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YOUR FIRST FLOAT: WHAT TO EXPECT

Curious about what your float session will entail? Read on . . .

The Float Carolina Guide to A Great Float

Are you interested in trying a session in a sensory deprivation tank, but feeling a bit intimidated by the idea? Understandably, there are a number of common questions and concerns that come up in the course of a given day at Float Carolina. After all, there is something very sci-fi about the idea of suspending the body weightlessly in an egg-shaped pod full of solution 10x as salty as the ocean! Everyone who has ever gotten inside a float tank for the first time has demonstrated both bravery and an open mind. I'm proud to report that, for the overwhelming majority of floaters, the experience is a deeply relaxing, incredibly peaceful, and sometimes revelatory experience that can provide insight into both the physical body and the workings of the conscious mind.

A man floats at the top of water containing 1,000 lbs of epsom salt, rendering him weightless. His arms are resting above his head, as he streches out completely.

As float facilitators, one very important part of the job at Float Carolina is helping set expectations for new guests, and providing useful information for the sake of maximizing the benefits of the float, and enjoyment of the floater. At the same time, it's important that we get out of the way, so that each person can explore the sensory deprivation experience for themselves. Like the Matrix, it is not sufficient to be told what the experience is like - one must experience it for oneself.
 

Below are some useful and important things to keep in mind for your first float:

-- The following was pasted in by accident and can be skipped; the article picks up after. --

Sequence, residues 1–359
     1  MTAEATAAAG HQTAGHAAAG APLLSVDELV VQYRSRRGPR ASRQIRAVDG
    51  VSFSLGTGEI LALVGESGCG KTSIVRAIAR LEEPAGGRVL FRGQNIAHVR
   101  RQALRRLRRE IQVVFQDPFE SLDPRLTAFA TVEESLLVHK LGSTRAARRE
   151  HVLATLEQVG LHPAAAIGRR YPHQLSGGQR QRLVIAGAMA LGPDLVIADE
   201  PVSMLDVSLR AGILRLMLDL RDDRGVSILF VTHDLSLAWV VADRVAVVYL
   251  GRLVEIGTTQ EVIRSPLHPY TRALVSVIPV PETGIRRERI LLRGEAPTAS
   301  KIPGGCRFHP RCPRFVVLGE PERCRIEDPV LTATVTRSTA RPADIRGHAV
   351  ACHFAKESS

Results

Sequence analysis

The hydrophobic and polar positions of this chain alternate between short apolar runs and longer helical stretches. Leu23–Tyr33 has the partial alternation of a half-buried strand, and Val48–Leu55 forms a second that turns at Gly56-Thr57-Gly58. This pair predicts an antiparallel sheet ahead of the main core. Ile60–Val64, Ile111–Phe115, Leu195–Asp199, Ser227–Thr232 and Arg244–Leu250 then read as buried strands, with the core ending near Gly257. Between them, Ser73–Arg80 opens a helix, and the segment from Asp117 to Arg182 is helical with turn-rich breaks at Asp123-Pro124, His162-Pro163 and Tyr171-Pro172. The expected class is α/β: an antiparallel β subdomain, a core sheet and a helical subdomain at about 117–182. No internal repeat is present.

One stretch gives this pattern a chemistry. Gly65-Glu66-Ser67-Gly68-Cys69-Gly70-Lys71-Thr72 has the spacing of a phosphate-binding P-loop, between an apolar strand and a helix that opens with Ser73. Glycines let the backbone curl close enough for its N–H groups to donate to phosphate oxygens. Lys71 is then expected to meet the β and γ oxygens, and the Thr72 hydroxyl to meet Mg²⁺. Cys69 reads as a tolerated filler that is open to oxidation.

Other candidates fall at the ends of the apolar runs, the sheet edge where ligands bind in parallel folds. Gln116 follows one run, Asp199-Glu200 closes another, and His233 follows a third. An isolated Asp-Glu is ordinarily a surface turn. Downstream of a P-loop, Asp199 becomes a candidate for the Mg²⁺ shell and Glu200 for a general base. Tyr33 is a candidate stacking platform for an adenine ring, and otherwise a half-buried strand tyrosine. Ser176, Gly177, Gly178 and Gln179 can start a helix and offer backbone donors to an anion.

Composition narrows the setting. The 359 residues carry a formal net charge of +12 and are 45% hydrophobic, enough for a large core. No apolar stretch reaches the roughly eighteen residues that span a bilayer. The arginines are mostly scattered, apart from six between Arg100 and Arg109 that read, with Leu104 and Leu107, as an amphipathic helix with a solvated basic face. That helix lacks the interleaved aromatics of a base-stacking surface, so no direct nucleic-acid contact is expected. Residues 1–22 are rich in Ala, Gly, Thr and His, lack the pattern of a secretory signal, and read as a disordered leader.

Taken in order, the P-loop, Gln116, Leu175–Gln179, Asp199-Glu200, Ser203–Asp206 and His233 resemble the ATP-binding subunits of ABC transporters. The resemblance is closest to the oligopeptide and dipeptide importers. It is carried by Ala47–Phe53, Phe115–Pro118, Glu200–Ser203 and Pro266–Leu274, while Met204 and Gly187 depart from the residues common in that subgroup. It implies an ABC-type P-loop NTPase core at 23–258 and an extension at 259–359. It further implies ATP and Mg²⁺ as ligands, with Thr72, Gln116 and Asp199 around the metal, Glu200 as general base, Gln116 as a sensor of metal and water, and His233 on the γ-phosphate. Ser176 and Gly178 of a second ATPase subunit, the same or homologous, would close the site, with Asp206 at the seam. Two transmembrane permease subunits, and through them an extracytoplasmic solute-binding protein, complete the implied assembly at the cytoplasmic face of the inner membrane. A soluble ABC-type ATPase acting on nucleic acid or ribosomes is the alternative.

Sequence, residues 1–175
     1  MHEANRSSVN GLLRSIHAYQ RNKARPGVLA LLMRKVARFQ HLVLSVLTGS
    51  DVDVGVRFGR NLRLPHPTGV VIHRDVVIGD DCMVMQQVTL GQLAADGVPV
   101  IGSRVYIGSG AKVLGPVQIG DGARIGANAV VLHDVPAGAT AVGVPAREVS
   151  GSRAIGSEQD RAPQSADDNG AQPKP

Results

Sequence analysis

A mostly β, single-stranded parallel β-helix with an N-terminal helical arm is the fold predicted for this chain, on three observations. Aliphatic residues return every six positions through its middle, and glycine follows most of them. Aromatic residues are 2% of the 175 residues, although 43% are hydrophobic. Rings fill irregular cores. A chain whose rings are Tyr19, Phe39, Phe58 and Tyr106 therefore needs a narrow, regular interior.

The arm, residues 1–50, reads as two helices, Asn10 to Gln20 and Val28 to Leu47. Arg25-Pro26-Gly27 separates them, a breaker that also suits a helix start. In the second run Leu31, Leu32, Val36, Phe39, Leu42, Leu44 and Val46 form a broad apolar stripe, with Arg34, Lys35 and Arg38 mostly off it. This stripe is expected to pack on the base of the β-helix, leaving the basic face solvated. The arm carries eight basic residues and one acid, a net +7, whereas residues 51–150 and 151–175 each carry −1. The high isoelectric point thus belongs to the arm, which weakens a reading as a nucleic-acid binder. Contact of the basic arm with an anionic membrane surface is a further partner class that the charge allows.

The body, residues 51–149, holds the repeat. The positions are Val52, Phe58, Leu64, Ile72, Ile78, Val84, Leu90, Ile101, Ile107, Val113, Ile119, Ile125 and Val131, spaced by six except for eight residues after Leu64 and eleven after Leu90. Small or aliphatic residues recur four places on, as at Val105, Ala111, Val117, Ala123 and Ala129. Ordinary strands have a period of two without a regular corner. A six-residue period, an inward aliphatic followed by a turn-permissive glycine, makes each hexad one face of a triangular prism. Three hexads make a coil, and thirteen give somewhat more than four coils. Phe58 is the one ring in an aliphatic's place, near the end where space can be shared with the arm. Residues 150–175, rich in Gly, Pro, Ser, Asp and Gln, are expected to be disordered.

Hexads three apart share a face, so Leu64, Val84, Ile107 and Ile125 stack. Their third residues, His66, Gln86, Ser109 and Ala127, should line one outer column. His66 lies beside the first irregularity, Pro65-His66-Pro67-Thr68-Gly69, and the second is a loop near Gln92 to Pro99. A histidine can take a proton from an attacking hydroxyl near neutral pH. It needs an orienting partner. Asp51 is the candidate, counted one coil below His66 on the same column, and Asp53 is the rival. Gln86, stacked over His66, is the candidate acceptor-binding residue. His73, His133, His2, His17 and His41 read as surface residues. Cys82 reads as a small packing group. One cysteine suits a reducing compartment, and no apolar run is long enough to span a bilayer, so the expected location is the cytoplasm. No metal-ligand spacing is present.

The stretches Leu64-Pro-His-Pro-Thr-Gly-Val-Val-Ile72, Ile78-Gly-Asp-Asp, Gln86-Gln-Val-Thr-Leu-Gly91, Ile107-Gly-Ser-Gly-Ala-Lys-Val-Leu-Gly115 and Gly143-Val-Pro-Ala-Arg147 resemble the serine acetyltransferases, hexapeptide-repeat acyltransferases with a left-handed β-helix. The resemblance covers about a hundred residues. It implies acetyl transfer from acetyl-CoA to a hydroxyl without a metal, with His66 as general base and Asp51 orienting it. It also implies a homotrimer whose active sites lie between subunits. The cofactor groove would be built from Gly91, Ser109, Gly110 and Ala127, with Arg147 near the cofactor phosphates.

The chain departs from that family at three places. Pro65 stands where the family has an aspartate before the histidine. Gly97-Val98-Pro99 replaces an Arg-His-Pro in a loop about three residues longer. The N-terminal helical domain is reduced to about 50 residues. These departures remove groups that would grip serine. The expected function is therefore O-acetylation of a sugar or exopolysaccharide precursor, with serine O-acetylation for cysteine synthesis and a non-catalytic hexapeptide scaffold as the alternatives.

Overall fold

Before Your Float (Pre-Arrival)

The day of your float, try to proactively attend to the responsibilities on your to-do list, so that you have enough mental space to be able to fully enjoy your session. Make sure you've carved out at least 2 hours for your visit, so that you aren't rushed. One or two hours prior to your appointment time, drink some water and eat a light, protein-rich snack - this will help with hydration, and prevent hunger cravings during your session. Avoid consuming caffeine or sugar for 3 hours or more before your appointment.
 

Arrive at Float Carolina 20 minutes prior to your scheduled appointment time (i.e. if your appointment is at 6pm, try to arrive for check-in by 5:40pm). All of our sessions operate on a set schedule, so please call immediately if you think that you will be late for your scheduled time.

Float Carolina is located at 105 Professional Park Drive Suite D in Waxhaw, NC (VISIT US) - and our phone number is 704 243 0081.

What to Bring

  • Comfortable, non-restrictive clothing. If you choose to wear a bathing suit while floating, make sure it is relaxed, and not constrictive in any way.
  • Hairbrush
  • Contact lens drops and case - you can leave your contacts in during your float, but some choose to remove them. If you forget your case, no worries; we'll provide one if needed
  • Book or Journal
  • ID / Payment card. At Float Carolina, we are cash free - so if you've already paid online, you don't even need to bring your wallet!

Arrival

When you arrive, a float facilitator will greet you at the front desk; if no one is present when you arrive, please have a seat in the front, and someone will help you shortly. Feel free to unlace and remove your shoes, and place your phone on silent (please turn off vibrate, as this can disrupt the quiet for others). At this time, the float facilitator will ask you to sign a standard health department waiver*, provide a tour of your suite, a brief overview of what to expect, and answer any questions you may have regarding your session. You may wish to visit the restroom just prior to the start of your session.